Tuesday, October 15, 2019

Sports, Politics, Killing, Healing

I've been watching the new Amazon Prime series, This is Football and so far, it's good. There are a total of six episodes, each written or at least co-written by journalist and author John Carlin, who also is one of the creators of the show.  He's someone who likes to write about the area where sports and politics mix; he's the person who wrote the book, Playing the Enemy: Nelson Mandela and the Game That Made a Nation, on which the movie Invictus is based.  The film is pretty good, but the book is better and, not surprisingly, the book goes into a lot more detail about the events leading up to and during the 1995 Rugby World Cup.  

The core of the story revolves around how newly elected president Nelson Mandela used sports as a way to help unite a very divided country around one particular thing.  By the time the 1995 World Cup final was played, millions of black South Africans were rooting for the virtually all-white South African team, the Springboks, to win the tournament.  This was a remarkable turnabout because until then the Springboks, the pride of Afrikaaners, had represented apartheid and racism in most black South Africans' minds.  Earlier, Mandela himself had observed a game when the Springboks played the English national rugby team, and black South Africans had cheered the English group.  How Mandela strategized and worked to get the result he hoped for is compelling and could serve as a useful lesson to anyone who wants to learn it, and one leader who has picked up on it, as This Is Football makes clear, is Paul Kagame, the president of Rwanda.  The role of soccer in helping to heal Rwanda after the 1994 genocide and the emphasis Kagame put on using soccer as a tool to help that healing is what This is Football's first episode is about.  It's titled "Redemption".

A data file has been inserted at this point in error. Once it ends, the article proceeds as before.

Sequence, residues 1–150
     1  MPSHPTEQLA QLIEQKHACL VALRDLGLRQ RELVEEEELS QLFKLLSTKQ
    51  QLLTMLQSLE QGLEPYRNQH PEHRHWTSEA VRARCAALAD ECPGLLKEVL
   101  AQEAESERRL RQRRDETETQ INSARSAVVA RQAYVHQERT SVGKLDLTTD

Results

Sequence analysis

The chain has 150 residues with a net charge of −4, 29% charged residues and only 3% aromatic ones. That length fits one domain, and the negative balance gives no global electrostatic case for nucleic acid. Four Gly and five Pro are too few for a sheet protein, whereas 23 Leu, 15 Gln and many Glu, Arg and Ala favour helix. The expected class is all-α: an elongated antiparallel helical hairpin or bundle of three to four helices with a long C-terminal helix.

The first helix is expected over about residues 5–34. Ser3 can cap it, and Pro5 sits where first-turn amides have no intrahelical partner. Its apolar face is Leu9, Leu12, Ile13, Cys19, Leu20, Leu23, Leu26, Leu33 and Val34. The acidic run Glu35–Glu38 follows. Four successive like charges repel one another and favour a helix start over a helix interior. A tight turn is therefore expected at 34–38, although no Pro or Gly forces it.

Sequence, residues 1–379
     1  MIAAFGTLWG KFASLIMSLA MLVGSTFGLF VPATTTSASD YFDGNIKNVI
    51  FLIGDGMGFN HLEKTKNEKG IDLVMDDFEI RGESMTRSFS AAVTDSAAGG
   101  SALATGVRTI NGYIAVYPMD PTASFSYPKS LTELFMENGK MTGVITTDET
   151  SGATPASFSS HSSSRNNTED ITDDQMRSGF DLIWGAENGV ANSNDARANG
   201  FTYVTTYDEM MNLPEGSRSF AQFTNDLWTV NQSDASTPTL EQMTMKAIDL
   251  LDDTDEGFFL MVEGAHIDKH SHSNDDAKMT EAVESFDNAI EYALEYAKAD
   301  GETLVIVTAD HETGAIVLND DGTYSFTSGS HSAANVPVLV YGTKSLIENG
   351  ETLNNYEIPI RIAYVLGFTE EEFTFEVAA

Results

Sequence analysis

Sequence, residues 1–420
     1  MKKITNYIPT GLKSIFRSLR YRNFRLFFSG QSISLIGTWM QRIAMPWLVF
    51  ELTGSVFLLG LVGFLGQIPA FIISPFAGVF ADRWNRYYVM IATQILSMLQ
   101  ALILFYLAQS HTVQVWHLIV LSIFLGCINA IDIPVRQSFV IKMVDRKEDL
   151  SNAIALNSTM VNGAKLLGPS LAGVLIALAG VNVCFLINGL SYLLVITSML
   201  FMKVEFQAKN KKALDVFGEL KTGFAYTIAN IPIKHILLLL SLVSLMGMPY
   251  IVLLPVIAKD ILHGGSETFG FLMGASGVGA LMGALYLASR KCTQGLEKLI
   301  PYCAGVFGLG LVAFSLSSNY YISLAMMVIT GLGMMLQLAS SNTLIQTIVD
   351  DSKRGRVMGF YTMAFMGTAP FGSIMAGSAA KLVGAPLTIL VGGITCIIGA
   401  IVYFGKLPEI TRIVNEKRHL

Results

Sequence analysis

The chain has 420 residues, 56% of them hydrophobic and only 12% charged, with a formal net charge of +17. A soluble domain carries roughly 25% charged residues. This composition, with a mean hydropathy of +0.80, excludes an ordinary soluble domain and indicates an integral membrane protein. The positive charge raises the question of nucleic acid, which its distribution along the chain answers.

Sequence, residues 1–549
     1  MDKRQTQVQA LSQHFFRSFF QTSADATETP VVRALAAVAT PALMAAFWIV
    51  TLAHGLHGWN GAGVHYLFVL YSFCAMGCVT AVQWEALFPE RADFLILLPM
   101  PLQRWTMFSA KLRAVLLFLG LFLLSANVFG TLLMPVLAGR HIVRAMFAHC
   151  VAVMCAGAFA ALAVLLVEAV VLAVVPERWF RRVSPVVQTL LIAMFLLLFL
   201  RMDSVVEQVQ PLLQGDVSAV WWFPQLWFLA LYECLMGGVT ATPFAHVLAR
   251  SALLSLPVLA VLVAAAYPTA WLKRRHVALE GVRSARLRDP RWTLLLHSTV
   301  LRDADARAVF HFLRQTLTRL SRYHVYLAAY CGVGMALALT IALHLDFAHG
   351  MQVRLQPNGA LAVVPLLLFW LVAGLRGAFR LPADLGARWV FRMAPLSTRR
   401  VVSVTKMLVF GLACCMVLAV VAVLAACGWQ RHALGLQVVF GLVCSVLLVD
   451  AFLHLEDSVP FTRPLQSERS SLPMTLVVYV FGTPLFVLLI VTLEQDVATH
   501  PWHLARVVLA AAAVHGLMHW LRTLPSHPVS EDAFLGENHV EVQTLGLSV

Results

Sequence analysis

Not that anyone should need it, but the episode provides background information about the genocide and some of the historical conditions that led up to it.  Soccer has long been the country's most popular sport, and before the genocide there were various soccer leagues people played in as well as clubs where people would gather, Hutus and Tutsis, to watch international soccer on television or to listen to it on the radio. For some odd reason, which is explained in the episode, Liverpool in the Premier League, of all the teams in all the world, has for decades been the team most Rwandans favor.

Paul Kagame explains how the Rwandan capital city of Kigali was in total chaos when the military forces he led against the extremist Hutu government took control of the country and ended the genocide.  The country as a whole was devastated and chaotic, and obviously, the enmity between Tutsis, who had been massacred, and Hutus, who feared retribution, was at a severe point.  

In the context of the various other things undertaken to rebuild the country, This is Football shows how Kagame and others stressed soccer as a healer and how clubs and leagues began to reconstitute. These efforts were especially attractive to the young, both girls and boys, people who were children during the genocide period or born after it.  When you're playing soccer, as someone says, you don't really care who you're teammate is, Hutu or Tutsi; you just want to score and win the game.  The episode has lots of interviews with Rwandans, and these are talks that are funny and sad and quite illuminating.  You have people talking of taking the field and playing soccer with other people they know have killed their family members.  

I have to add that Liverpool, after everything Rwanda has gone through, remains very popular in the country, and the final image of three Rwandans making a recent pilgrimage to that city to watch their beloved team play, the three of them entering the stadium and chatting with British fans there, is a great one.

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